The Scottish Council has met more than 50 objections to plans for Stella McCartney’s home
The daughter of Beatles legend Paul McCartney, 52, is eyeing a coastal property at Glenuig in Commando Rock, south of Arisaig.
In the planning application, McCartney Architects say the glass-fronted house will enhance the landscape and “retain the wild nature of the site”.
However, many local residents expressed concern about the potential disturbance of otters, the proposed felling of Scots pine trees, and the blocking of access to the local beach.
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Highland Council received more than 50 public objections to the plans, which were submitted in the name of McCartney’s husband, Alasdair Willis.
Sam Seacombe, one of the objectors, said: “It would set a bad precedent, as anyone with enough money could buy very beautiful, unspoiled land and then build massive housing that is likely to remain unused for most of the year.”
Many objected to the proposed felling of five of the 15 mature Scots pines to make way for the new house.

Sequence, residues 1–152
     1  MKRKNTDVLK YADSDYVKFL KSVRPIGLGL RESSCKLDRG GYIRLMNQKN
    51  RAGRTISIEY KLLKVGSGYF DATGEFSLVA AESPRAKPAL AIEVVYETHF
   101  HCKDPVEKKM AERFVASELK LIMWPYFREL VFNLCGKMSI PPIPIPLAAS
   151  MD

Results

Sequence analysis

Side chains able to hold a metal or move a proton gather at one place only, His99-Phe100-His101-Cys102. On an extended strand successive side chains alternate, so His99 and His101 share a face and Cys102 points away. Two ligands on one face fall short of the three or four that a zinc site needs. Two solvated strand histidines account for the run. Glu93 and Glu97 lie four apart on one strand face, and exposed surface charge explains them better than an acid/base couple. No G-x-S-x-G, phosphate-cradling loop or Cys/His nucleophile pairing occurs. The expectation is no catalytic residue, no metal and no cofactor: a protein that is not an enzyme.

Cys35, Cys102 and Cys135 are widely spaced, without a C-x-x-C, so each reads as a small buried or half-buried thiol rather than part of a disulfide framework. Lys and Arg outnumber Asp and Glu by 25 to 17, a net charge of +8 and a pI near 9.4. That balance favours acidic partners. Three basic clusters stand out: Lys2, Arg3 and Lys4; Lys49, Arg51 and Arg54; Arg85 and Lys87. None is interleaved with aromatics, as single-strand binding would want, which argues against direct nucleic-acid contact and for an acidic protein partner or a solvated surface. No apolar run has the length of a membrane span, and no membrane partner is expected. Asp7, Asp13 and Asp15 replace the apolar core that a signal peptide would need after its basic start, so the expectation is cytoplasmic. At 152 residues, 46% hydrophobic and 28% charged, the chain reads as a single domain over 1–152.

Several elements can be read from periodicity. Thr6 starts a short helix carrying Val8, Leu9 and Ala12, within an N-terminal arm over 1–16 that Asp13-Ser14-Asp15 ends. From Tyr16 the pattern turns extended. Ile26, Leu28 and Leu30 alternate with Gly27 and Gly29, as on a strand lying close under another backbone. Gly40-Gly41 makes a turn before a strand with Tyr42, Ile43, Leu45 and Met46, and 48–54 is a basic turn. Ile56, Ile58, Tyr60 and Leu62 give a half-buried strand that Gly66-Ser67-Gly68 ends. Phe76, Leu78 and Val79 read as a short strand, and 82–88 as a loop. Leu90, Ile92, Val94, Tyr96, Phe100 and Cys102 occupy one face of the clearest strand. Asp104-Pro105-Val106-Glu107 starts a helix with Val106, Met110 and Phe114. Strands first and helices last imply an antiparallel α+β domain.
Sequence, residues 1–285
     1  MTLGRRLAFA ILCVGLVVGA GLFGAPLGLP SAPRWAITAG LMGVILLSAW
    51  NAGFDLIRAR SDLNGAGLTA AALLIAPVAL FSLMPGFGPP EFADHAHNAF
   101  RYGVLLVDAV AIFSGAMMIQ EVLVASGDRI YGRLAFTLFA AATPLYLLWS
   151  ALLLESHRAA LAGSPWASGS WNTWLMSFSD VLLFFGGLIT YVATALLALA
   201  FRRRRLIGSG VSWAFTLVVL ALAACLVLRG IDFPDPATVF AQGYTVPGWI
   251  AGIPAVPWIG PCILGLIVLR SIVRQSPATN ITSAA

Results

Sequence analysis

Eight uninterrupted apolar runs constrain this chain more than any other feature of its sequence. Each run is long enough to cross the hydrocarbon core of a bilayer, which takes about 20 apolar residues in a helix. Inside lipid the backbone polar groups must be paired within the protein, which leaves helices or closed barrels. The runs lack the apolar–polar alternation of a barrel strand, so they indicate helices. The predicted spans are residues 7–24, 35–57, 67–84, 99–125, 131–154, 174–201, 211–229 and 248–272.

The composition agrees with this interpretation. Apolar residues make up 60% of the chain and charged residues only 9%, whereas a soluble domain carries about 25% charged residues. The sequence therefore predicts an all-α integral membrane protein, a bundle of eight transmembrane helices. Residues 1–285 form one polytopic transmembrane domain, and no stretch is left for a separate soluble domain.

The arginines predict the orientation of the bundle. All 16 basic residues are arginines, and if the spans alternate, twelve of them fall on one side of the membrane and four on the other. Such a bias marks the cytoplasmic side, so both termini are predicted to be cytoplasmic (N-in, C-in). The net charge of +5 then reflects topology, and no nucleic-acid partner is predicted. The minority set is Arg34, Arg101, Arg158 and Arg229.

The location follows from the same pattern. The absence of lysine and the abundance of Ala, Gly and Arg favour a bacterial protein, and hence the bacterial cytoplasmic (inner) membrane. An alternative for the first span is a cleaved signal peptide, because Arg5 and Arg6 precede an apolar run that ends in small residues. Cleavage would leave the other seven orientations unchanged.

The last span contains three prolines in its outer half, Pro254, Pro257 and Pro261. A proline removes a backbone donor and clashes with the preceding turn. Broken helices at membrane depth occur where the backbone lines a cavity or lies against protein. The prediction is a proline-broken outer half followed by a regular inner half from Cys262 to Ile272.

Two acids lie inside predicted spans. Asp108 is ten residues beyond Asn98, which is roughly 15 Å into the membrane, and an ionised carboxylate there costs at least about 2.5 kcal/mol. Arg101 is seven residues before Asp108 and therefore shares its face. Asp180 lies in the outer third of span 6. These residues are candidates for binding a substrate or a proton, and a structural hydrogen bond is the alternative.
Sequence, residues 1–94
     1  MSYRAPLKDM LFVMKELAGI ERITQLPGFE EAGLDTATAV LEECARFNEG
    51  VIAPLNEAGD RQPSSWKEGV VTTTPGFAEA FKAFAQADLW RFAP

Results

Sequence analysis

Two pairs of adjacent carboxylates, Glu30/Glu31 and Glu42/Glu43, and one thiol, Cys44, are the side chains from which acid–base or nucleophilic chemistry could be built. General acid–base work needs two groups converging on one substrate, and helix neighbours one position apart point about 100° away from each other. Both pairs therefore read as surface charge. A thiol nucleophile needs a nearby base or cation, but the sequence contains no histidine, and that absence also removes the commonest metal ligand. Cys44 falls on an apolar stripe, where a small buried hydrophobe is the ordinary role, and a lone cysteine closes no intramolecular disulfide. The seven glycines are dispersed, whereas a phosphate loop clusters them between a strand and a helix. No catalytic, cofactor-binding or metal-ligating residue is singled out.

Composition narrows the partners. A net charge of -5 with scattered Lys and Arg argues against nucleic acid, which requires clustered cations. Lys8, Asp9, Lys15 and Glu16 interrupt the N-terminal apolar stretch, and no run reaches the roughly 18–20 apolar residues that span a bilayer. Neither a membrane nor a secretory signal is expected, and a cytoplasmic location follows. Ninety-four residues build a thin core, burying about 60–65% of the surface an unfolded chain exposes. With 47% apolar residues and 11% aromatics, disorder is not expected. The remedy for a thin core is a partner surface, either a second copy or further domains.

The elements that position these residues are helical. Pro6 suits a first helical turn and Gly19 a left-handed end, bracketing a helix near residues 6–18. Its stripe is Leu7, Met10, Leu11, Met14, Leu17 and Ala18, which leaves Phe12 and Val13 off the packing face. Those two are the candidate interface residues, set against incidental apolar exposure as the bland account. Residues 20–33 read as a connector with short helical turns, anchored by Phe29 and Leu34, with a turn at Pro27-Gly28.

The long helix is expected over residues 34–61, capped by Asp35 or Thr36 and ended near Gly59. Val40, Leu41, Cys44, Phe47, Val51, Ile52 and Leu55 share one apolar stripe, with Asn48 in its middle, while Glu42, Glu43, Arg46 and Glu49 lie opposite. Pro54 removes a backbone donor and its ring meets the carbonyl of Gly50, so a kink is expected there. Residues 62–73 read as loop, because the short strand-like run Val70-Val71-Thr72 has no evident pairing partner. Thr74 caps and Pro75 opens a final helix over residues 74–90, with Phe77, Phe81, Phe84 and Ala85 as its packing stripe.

Objector Kevin Hewkin from Lochailort wrote: “Removing some of the existing Scots pines is an outrageous proposition.
“The whole country is trying to revive these wonderful natural trees, but the application here wants to go against this initiative.”
Local Liberal councilor Angus McDonald said in his objection: “If a third were removed it would increase the chance of wind blowing over the rest.”
In a design statement for the home, McCartney’s architects, Brown & Brown, said: “Privacy is of the utmost importance to the applicant, which was the main reason they were awarded the site.”
However, Highland Council’s environmental health officer said the site’s “perceived privacy” was “contrary to its history of public access”.
The council recommended that an “access management statement” be prepared on how the local bay would be accessed if the plan went ahead.
McCartney and Willis “wanted to create a home that would sit comfortably within the wider area, while also creating a contemporary home that could be heated largely by passive solar gain and which used appropriate renewable energy sources,” the design statement says.
She says the house will be built from “natural cut Scottish stone, forming a complementary language with areas of dark gray panels highlighted by the concrete and an ochre-coloured stainless steel partition, which will pick up the colors of the landscape”.
It will also have a roof planted with grasses and heather.
The Council’s Planning Committee is expected to discuss this request in the coming months.